Friday, June 30, 2006

Monrovia Library - Authors Fair A Success Story for Monrovia

Authors Fair A Success Story for Monrovia
Arcadia Weekly: June 5, 2006 by Liset Marquez

Despite the heat Monrovians and book readers alike came out to enjoy the Author and Community Service Fair at Library Park that was presented by the Monrovia Library and Mystic Sisters Bookstore.

One of the real crowd pleasers was pro wrestling star and author, Diamond Dallas Page who was the keynote speaker.

Page who showed off his world heavy weight title during his speech emphasized the importance of reading. At the age of 30, Page told the crowd he had a third grade reading level and as a child he battled ADD and dyslexia.

Page told the crowd he was determined to read a book so he broke it down into goals was able to complete the book in a year. He is now the author of two books.

Melanie Goodyear, Literacy coordinator at Monrovia Library, said Page was a real inspiration to the entire audience.

"As a former pro wrestler he definitely put on a good show, he got everybody excited and he was really inspirational," she said. "A lot of our adult learners were here in the audience and they all walked up him and gave him a hug afterwards."

Goodyear said the adult learners shared their experiences with him.

"His theory is that 10 percent of what happens to you in life is other external stuff you can't control. The other 90 percent is what make of it," Goodyear

FAIR said. "It's about how he's overcome his adversity in life by controlling what he thinks, having positive relationships and being physically fit."

Goodyear said Page's message helps promote the adult literacy program the Monrovia library operates, which is the only one in the surrounding cities.

But Page's message was just one of many expressed by the more than 20 authors that spoke at the fair.

Abel Flores of Azusa sat in on an inspirational panel discussion and said it was nice that the authors were there to talk about their books.

"You actually figure out what they're thinking when they were writing the book," he said.

Tina Carey, owner of Mystic Sisters, said the fair is a fundraiser for the library with a percentage of sales of the books going towards the Monrovia Library.

She said that she started talking with the library about creating an author fair in February. The bookstore also hosts two other fairs, one in Duarte, and Diamond Bar.

"When you're doing it for the first time you always want more people but it takes time to build roots," Carey said.

Both Goodyear and Carey said there is discussion to make the fair an annual event. Carey said one thing she would love to see is more children engaged in the event.

"We partnered with the library to get out the message- to the community- what resources it has to offer," she said.

Carey said that she opened her bookstore, which is located down the street from the library, with intentions for the authors to connect with the readers.

"Part of the purpose of the bookstore is to create a community," she said.

Carey said it is obvious that the library needs funding.

"It's such an interesting time, Monrovia Library needs funds to be expanded," she said.

Carey said she hopes events like the fair could help strengthen support for the friends of the library club.

San Diego Public Library - READ/San Diego Receives National Award from American Library Association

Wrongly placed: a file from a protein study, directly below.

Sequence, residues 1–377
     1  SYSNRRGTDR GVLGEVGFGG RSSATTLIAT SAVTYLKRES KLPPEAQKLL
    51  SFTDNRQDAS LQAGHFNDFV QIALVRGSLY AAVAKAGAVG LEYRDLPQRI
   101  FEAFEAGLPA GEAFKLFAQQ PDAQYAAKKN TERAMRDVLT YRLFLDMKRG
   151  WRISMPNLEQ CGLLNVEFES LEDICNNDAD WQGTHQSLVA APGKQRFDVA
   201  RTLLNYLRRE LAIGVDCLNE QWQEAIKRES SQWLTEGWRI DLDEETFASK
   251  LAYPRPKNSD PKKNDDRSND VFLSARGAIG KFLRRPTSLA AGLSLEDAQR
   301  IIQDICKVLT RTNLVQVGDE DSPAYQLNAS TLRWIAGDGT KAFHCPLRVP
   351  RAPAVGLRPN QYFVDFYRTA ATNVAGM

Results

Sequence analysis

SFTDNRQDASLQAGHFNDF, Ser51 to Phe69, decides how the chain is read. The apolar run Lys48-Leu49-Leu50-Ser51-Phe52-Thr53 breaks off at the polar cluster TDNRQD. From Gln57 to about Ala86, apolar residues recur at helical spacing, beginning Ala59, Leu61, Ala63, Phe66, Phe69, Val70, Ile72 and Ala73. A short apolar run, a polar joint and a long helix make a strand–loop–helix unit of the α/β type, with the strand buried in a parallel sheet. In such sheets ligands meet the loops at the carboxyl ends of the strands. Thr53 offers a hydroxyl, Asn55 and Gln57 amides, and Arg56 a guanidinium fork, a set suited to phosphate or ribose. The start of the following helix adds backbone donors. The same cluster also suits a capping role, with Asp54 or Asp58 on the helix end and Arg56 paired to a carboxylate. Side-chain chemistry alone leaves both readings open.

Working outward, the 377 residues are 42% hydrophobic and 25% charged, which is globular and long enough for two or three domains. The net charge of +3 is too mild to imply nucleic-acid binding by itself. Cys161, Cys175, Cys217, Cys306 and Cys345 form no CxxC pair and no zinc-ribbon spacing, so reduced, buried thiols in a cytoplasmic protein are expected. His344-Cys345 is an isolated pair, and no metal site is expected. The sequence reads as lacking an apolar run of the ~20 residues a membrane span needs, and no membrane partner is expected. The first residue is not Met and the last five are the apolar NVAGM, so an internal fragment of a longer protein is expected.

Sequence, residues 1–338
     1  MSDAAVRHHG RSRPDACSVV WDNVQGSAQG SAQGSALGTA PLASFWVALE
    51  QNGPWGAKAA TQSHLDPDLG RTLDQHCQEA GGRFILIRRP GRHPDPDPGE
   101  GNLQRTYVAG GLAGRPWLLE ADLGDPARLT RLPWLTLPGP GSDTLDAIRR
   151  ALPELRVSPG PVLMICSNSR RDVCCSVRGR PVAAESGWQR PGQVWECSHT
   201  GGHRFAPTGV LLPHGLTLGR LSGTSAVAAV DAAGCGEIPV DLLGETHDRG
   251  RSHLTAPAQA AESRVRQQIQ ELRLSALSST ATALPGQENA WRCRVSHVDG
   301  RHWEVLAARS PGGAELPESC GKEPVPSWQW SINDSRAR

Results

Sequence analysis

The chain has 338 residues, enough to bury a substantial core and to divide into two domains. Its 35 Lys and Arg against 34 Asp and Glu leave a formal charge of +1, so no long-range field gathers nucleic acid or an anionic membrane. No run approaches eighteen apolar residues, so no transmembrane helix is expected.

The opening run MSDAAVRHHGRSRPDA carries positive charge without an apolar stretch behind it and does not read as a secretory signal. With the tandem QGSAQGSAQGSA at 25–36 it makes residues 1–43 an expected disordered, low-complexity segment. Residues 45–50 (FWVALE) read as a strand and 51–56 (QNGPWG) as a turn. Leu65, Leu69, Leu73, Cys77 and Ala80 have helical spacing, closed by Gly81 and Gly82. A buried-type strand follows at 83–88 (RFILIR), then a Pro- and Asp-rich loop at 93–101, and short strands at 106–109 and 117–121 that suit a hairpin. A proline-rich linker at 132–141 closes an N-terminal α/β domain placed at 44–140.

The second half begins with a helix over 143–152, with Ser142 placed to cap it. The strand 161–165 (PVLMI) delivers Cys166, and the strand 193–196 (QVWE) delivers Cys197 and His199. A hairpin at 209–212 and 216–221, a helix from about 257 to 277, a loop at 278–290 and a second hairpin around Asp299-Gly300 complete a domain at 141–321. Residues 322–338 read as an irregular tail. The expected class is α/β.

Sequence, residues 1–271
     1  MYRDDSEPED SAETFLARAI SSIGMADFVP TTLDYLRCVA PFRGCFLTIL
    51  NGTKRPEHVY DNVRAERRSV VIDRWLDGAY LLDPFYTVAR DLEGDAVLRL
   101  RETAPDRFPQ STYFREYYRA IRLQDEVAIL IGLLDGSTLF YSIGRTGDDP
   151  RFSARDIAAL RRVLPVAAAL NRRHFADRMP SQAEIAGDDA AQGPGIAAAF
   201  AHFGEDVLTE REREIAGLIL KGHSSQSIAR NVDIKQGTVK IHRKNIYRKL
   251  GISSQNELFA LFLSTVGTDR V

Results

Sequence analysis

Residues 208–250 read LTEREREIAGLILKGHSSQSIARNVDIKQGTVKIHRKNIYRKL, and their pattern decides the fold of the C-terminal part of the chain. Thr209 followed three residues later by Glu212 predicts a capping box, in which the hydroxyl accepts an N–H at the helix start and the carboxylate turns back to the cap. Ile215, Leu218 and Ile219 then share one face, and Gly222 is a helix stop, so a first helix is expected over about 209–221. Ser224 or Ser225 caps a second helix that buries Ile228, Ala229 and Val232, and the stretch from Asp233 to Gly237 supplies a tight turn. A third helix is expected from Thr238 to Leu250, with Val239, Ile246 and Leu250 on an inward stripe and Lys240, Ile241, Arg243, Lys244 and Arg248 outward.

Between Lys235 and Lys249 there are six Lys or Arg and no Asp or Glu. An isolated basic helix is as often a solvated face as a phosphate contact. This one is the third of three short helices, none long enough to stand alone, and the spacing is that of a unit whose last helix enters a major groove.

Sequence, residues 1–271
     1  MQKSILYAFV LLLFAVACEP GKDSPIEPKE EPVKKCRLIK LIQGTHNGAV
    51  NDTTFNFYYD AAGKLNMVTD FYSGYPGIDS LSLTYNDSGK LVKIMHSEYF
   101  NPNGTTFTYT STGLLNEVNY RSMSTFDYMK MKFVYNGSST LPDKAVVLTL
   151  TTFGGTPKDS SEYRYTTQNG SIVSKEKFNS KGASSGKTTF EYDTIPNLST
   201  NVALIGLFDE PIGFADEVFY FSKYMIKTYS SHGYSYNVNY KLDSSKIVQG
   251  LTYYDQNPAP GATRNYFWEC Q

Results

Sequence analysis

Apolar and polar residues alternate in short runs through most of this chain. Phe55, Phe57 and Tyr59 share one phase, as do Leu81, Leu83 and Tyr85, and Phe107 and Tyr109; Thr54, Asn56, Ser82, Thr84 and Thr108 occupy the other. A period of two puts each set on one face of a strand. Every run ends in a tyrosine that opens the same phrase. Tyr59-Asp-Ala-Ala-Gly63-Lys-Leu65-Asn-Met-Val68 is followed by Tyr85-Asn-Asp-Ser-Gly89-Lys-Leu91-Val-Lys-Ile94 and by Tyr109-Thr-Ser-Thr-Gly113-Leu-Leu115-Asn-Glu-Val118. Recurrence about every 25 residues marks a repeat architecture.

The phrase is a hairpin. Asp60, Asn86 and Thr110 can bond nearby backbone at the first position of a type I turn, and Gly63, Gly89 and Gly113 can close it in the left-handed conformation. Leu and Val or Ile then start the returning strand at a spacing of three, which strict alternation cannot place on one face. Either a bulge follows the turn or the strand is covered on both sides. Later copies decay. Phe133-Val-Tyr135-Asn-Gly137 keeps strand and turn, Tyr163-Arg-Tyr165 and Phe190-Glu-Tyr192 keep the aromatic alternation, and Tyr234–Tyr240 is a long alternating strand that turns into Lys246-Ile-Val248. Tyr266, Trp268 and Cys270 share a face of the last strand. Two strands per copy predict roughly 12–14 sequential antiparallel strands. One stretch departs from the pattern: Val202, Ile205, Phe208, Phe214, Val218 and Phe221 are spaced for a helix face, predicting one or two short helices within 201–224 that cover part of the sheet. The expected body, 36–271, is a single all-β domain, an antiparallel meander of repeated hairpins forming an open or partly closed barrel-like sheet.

San Diego Public Library
Monday, June 19, 2006

Library’s Adult Literacy Program Receives National Award
from American Library Association

SAN DIEGO – READ/San Diego, the City of San Diego Public Library’s adult literacy program, has been chosen by the American Library Association to receive the prestigious Advancement of Literacy Award. READ/San Diego is a free adult and family literacy for adults 18 years of age and older.

“I am extremely pleased that the American Library Association has recognized READ/San Diego for its accomplishments in improving literacy,” said City Library Director Anna Tat├ír. “Library staff and volunteers have helped make this program a national model.”

Established in 1984, the Advancement of Literacy Award honors a publisher, bookseller, hardware and/or software dealer, foundation or similar group that has made a significant contribution to the advancement of adult literacy. Criteria used for judging nominations include amount of support given to libraries for literacy projects, evidence of long-term commitment to literacy, and encouragement provided to other groups to undertake similar activity. A plaque will be awarded at the American Library Association’s annual conference, held this year from June 22-28 in New Orleans. The awards event is sponsored by The Library Journal.

Recent past recipients of the Advancement of Literacy Award include Verizon Foundation (2005); Elizabeth Fischer, Subrata De and Tom Brokaw of “Dateline NBC,” NBC News (2004); Louisiana Endowment for the Humanities (2003); Center for Literacy, Philadelphia (2002); The Providence Journal (2001); Starbucks Foundation (2000); Lila Wallace, Reader’s Digest Fund and Mount Clemens Rotary Club (co-winners) (1999).

READ/San Diego began in 1988 with seed funding by the California State Library. Staffed by literacy professionals, the adult literacy program coordinates the efforts of volunteer reading tutors and cooperates with local adult schools, community colleges and other literacy education providers in making and receiving student referrals. Each year, the program assists more than 1,000 adult learners from various backgrounds and learning levels.

In 2004, READ/San Diego was named one of the top community partnerships in the nation by the U.S. Department of Education’s Office of Vocational and Adult Education.